Check out some of the helpful drawing tips taught in our course, The Practice of Botanical Drawing!
If you’ve ever been fascinated by a flower, this post is for you!
A flower is the reproductive part of a plant. Its primary purpose? To attract!
How do these alluring seed-bearing wonders do it? Let’s examine the captivating forms, vibrant colors, and enchanting fragrances flowers use, along with their promise of sweet nectar, to make themselves irresistible to any pollinator (or person!). Prepare to be captivated by the mesmerising world of flowers!
Botanical Fun Facts
Of the nearly 400,000 species of land plants described, nearly 90% are flowering plants known as angiosperms. There are 350,000+ species of angiosperms classified into 400+ families! However, most of their diversity can be found in a few major families – the Asters / Composites (32,000), Orchids (28,000), Legumes (19,000), and Grasses (12,000). (Source)
Flowers are very different from one another, but many flowers contain some combination of stem, petals, sepals, pistils, stamens, and ovules/ovaries.
For a deep dive on flowers and their parts, join our Zoom Workshop starting September 17!
Flower Drawing Tips
Look at a flower initially as a simple shape and identify which simple shape is most like your flower subject. (Beginners: Tubular flowers are one of the simplest flower shapes because the three-dimensional form is very evident.)
Here are some common flower shapes to give you an idea:
Tubular or Trumpet shape
A flower with a tube formed of united petals, often separating at the mouth into a flared shape where the petals often curl back. (Trumpet flower, Allamanda)
Challenge: Include a pollinator in your botanical composition!
“Flowers with long spurs attract butterflies and birds (like hummingbirds or sugarbirds).” (Source)
A flower that widens gradually from the base and can be formed by individual petals (collectively known as tepals) that are not joined, even though they usually conform to this shape. (Tulip, Crocus)
“Cup-shaped flowers are usually pollinated with massive animals like beetles and even bats.” (Source)
Campanulate or Bell shape
A flower with a wide tube and flared petal tips, typical of the Bellflower family. (Nectar campanula or other campanula)
Funnelform (Funnel) shape
A flower that widens gradually from the base, ending in an open or flared shape. (Lily, Morning Glory, Azalea)
“Funnel-shaped flowers as well as labiate flowers (with lips), are adapted to flies and bees.” (Source)
A disc-shaped flower that is mostly flat and circular. (Daisy, Clematis, Sunflower)
Composite flowers have so much to teach us! All of their petals are perfect for practicing overlaps; their adorable, fuzzy-looking centers are great practice for drawing textures and fibonacci patterns; and their circular form makes foreshortening simple and easy to understand. Watch round circles become ellipses as we draw flowers from different perspectives.
Learn about the botany of inflorescences, their fascinating reproductive parts, and how each petal is actually an individual flower connected to a shared stalk!
A flower with a trumpet shape and a rotate/elliptical shape together. (Daffodil)
Arrangement of parts around a single main axis that will produce a mirror image on the plane at any angle when dissected in half. (Zinnia, Anemone)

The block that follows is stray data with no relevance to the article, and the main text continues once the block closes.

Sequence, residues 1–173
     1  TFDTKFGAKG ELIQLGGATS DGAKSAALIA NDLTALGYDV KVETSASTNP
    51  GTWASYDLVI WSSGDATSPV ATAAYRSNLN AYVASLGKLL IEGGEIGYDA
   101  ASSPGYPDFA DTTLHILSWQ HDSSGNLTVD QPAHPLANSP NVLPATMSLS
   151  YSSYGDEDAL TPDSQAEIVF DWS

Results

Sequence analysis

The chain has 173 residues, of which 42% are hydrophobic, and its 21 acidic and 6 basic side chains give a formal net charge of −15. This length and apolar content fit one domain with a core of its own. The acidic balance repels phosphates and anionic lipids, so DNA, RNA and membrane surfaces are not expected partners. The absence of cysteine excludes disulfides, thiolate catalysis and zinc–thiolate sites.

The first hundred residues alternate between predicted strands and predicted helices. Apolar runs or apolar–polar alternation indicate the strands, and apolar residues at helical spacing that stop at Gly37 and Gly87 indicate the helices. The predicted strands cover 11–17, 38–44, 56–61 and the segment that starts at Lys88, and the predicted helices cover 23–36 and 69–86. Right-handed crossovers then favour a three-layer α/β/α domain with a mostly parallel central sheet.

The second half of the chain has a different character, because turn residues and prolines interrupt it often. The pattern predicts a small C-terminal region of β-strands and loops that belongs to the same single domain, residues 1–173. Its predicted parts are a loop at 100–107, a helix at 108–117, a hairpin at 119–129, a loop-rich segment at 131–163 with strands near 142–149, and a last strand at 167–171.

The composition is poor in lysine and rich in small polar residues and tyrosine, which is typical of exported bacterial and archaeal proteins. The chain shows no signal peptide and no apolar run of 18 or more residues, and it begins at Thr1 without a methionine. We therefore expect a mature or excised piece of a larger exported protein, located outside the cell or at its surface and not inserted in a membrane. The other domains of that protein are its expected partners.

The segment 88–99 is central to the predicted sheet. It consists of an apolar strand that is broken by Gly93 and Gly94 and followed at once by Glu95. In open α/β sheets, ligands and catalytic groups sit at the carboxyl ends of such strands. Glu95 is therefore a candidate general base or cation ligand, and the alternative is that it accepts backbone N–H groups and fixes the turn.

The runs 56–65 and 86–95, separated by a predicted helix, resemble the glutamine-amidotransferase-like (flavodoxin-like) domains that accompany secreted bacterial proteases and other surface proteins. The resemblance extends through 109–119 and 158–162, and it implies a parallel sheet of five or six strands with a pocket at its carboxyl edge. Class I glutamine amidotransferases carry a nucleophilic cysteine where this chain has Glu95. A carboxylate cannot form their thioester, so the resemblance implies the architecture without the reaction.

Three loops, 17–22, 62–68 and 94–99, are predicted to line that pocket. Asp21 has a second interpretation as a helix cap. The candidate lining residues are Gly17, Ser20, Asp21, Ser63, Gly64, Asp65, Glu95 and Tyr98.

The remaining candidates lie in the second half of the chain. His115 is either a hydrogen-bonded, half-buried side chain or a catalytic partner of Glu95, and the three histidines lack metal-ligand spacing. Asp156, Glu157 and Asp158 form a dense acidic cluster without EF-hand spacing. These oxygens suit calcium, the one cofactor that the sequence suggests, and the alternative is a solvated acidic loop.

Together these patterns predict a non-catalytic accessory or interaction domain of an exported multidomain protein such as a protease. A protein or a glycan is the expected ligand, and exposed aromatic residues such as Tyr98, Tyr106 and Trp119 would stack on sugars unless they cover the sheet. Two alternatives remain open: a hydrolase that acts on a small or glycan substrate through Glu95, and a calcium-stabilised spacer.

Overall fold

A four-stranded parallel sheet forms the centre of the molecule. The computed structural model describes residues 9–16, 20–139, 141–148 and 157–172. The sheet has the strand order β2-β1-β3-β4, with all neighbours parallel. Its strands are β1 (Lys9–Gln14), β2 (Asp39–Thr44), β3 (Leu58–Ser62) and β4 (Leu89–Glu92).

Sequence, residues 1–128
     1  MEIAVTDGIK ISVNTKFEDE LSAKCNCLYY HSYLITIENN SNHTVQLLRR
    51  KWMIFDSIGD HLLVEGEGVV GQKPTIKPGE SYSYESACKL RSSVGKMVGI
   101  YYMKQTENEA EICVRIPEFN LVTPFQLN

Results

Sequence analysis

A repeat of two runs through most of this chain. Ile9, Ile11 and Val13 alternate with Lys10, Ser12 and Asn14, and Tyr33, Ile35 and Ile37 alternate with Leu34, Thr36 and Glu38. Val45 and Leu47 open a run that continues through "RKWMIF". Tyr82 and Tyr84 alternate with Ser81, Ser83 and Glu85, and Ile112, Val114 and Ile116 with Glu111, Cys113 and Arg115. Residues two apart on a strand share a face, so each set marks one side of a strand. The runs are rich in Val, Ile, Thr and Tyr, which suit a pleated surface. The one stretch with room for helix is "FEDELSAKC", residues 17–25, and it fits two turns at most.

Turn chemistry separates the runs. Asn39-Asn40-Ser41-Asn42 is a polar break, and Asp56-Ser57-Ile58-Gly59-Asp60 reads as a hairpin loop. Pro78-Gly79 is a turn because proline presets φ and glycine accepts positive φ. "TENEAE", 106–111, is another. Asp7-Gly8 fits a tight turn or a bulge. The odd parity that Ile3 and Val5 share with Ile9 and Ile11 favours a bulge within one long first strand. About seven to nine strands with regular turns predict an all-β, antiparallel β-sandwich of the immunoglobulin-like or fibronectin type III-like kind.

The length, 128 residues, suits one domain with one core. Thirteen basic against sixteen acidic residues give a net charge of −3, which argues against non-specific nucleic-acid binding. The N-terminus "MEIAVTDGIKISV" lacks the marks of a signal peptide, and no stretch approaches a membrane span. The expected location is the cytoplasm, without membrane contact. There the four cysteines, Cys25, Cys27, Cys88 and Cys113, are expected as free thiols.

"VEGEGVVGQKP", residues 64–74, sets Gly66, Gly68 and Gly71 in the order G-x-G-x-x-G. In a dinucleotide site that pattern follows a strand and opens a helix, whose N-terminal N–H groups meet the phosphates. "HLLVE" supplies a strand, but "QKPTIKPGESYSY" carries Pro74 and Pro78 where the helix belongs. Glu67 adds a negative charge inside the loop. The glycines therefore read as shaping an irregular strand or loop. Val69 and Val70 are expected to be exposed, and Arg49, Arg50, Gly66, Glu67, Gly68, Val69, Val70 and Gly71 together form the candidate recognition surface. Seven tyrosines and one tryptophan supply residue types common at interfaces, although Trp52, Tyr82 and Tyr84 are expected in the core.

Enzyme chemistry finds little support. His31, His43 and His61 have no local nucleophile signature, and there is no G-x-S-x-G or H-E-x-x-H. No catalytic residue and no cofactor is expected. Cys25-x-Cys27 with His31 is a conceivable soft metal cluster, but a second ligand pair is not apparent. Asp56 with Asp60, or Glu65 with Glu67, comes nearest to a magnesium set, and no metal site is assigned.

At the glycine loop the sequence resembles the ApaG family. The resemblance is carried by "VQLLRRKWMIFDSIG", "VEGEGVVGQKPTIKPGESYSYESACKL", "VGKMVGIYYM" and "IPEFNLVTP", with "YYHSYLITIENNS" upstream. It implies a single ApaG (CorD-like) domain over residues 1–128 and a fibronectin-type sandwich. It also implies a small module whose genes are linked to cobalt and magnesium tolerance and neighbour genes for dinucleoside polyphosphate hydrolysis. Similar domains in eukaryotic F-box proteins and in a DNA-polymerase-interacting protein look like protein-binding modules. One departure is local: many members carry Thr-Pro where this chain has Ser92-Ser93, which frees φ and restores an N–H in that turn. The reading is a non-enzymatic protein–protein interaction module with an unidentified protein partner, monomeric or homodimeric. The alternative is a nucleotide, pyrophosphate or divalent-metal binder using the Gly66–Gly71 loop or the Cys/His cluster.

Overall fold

The structure is a mirror image on either side of a line drawn vertically through the middle. (Wisteria, Orchid, mouthy flowers in the Mint family, Lavender, Wild Bergamot)
DIY Reference Tools
To understand a flower, take it apart in a methodical way. Making an herbarium page will help you learn plant anatomy and the page will serve as a reference tool that will exist long after your live specimen. Once you’ve separated the parts of your flower, examine them through a magnifying glass to see details more easily. Cover the specimen with a piece of scrap paper and press under some heavy books. Your page will be dry in ~2 weeks.
A la Emily Dickinson (yes, that Emily Dickinson), try arranging your next botanical drawing composition to tell a story: whether it is the biography of one plant over time, the connection between two, or the tale of your journey to the place where you discovered a flower. Read more about Emily Dickinson’s herbarium and see her entire digitized collection.
Caution: Beware plants with poisonous parts! Be careful & wash your hands after handling.
Drawing the individual elements of the flower before attempting the entire structure can be less intimidating.
On your study page, consider including:
+ the number of petals
+ details about the reproductive parts and leaves
+ color mixing
+ any other things that intrigue you!
Challenge: Create a series of study pages as a document of the seasons!
Put the petal right on the paper; start with a center axis. For light colors like yellow, draw guides very lightly with graphite pencil and erase before adding color. Use Earth Green or Gray Verithin to add tones. Subtly define the outer edges with Verithin.
Flatten out to see the edges more clearly. Think of the shape as a skirt, a ribbon, or a piece of fabric. Enlarge the section to see the ruffles more clearly. Notice how the petals roll over the top of the corona.
Magnification is essential. Studying plants under magnification opens up a hidden world. The closer you look, the more detail and form you can see to draw. In addition, structure seen under magnification will help you add a 3-dimensional quality to your drawings.
Want to learn how to draw a rose?
Follow Wendy’s step-by-step instructions (for free!) in this post, or check out the Joy of Botanical Drawing Video Lesson Companion: Draw a Rose.
Want to learn more about flowers and how to create herbarium and study pages?
Check out Lesson 5: Understanding a Flower in The Practice of Botanical Drawing.